By Joanna Benn, Pew Environment Group, December 13, 2011
The Ocean as a Priority
Sustainable use of the ocean and precautionary, science-based management of marine resources and biodiversity are essential for achieving sustainable development. During the preparatory process for the United Nations Conference on Sustainable Development (UNCSD or Rio+20), restoring the health and economic viability of ocean ecosystems arose as prominent issues among all stakeholders. Political groups, States and non-governmental organizations identified ocean issues as critical in submissions to the compilation document. Additionally, the UNCSD Bureau has indicated that management of the ocean will be one of the seven priority areas addressed.
Momentum is mounting for leaders to agree to a strong ocean outcome as a critical part of meeting the objectives of UNCSD and fulfilling the promise of sustainable development.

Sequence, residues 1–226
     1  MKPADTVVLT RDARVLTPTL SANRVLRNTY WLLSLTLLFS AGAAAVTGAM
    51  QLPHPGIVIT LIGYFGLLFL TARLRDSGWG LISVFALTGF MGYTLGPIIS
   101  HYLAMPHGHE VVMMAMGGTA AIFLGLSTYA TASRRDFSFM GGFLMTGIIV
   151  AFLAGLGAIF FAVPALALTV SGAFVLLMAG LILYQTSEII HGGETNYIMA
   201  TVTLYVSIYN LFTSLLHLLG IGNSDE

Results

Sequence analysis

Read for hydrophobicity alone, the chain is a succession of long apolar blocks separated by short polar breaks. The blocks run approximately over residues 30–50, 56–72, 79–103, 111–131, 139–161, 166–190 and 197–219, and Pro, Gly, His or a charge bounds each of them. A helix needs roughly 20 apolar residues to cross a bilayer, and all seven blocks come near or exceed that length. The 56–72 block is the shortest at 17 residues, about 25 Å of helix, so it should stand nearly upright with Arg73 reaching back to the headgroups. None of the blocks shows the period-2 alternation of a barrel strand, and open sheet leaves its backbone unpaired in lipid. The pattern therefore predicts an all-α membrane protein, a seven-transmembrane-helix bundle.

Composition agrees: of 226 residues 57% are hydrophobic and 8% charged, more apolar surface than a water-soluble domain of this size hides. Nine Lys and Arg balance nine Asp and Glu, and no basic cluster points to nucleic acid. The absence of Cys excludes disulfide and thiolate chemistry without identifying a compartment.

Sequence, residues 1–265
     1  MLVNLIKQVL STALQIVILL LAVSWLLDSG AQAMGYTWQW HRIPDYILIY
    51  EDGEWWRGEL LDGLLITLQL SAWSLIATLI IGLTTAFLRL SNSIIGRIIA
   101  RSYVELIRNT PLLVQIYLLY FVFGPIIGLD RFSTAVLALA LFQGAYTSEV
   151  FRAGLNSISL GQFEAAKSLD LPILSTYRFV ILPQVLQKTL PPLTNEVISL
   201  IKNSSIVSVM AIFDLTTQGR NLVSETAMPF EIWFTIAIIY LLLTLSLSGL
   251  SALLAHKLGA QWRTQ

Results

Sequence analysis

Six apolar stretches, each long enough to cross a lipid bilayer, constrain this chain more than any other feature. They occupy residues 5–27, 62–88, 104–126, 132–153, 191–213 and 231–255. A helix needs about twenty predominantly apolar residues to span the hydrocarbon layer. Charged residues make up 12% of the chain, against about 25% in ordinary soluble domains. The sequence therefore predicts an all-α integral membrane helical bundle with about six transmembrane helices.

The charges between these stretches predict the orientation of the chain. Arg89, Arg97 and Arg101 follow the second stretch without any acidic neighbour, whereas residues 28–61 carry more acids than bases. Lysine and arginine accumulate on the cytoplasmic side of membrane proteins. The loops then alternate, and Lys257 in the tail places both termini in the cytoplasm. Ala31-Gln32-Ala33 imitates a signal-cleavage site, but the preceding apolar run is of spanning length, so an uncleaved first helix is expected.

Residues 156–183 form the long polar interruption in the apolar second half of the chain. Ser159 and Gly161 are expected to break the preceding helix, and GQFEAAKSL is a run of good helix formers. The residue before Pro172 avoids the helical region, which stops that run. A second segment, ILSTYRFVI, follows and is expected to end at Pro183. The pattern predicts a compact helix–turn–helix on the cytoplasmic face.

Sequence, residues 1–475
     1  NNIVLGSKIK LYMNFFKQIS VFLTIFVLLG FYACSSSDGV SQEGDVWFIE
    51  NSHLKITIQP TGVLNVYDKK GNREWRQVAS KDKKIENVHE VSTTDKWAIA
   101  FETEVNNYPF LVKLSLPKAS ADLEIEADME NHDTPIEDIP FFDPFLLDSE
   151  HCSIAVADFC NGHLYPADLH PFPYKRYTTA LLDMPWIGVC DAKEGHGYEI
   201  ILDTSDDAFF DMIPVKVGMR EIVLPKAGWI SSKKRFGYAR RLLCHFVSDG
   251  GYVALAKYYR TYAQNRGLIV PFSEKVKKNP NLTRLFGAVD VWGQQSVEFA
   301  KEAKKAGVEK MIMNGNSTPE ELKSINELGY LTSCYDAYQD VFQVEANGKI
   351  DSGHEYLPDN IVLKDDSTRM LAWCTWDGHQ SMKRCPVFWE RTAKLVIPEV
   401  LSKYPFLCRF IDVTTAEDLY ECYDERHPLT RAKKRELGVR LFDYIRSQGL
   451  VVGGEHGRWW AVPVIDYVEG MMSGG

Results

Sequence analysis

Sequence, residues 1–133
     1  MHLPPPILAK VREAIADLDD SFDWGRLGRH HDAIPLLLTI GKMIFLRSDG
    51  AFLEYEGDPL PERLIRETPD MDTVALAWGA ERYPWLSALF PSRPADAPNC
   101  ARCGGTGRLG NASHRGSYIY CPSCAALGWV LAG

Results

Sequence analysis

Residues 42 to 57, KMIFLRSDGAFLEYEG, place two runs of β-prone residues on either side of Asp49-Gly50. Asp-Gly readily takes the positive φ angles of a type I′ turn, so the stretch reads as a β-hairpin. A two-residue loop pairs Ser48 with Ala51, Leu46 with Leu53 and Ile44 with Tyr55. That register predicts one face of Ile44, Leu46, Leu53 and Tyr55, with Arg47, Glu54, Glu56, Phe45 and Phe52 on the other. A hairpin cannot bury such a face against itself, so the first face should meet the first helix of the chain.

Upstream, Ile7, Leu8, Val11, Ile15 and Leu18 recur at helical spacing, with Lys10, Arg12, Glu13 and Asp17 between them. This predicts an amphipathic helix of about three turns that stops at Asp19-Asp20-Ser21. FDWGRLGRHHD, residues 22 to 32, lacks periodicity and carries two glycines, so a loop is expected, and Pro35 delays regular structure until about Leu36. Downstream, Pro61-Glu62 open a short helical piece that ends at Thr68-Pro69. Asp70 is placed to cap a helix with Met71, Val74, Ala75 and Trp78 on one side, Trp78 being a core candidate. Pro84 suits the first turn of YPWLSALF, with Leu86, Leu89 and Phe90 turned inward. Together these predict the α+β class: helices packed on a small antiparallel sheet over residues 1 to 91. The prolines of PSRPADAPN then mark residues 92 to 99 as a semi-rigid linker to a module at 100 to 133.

Threats to the Ocean
Overexploitation of fish stocks, destruction of marine ecosystems and a steady trend of biodiversity loss threaten food security, economic stability and the livelihoods of millions. Many threats to the ocean are consequences of harmful anthropogenic activities including, in particular, industrial fishing. In their submissions to the compilation document, political groups and States provide specific reference to ocean threats which should be addressed in the outcome document of UNCSD.
What follows is an analysis of submissions from political groups and States on threats to the ocean and the ramifications for sustainable development. The Pew Environment Group has attempted to highlight commonalities and to offer recommendations to address these threats to ensure a healthy ocean for future generations.